Assuming she can get the Democrats to nominate her, Hillary's challenge is to win the center. Most, if not all, of her political moves have been designed to win as many centrists as possible without alienating too many Democrats. The far Left and Right cancel each other out, she wins a majority of the safety and security center and becomes the first female POTUS.

I just don't see Dean doing anything that would position himself to win the Presidency - the nomination of his party, maybe, but the Presidency? Nope.

And, reg, best wishes to your son.


It's, of course, pointless to be guessing at 2008 at this point (I nominate Paris Hilton) but I see a few things in Hillary's favor. One, since day one Republicans have branded Hillary as a opportunistic mega bitch who will trample over anyone to get what she wants. Frankly, that's exactly the kind of person I'd like to see going after terrorists. Two, it really seems that having a candidate that drives the opposing party into fits of hysteria (see Bush 04, or Bill high approval ratings during Lewinsky) is a pathway to success. Joe America sees the opposing party pulling out their hair and says, "I sure don't want to be with those guys."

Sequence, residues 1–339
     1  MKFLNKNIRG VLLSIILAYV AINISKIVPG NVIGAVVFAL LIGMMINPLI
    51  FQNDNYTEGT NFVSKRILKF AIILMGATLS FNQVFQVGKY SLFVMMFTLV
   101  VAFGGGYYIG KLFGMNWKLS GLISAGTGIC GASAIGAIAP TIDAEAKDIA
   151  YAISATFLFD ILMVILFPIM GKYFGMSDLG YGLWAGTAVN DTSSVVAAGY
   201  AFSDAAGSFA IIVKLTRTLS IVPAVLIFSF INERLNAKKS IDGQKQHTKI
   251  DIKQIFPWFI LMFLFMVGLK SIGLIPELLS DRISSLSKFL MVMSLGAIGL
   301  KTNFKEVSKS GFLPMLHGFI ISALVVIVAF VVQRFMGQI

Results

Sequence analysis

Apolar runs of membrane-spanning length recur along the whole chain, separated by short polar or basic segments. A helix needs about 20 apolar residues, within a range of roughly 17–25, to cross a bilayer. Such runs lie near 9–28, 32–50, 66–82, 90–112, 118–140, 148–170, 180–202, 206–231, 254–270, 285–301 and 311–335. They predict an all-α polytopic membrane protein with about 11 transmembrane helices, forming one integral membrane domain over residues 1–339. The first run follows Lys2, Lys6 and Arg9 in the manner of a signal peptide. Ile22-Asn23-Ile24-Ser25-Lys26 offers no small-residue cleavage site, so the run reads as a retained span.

This last point is dependent on wether a Clinton still has the ability to drive the Republicans batty.

Marc Cooper

A couple of comments. That's right. MoveOn isnt as far left as its right wing critics claim. MoveOn is better described as being lodged up its own rear end, accuratelty reflecting the politics and interests of its base: white, middle-class, university-based activists. doesnt make'em let, just narrow.
To my dear friend Richard Lo Cicero: the wonderful thing about America is that just because two competing cliques of gangsters control national politcs I am not yet compelled by laww to necessarily identify with either one. And sitting here throwing rocks at the Democrats suits me just fine. I have no imminent plans to stop. That's what I do for a living. If you wish to ignore my critique and even my sniping, that is also your right. It seems, anyway, such a more sensible course to continue listening to the Progressive Democrats because so far they have produced so many victories! KOS and Atrios and their combined 48 years on earth just brim with political wisdom! LOL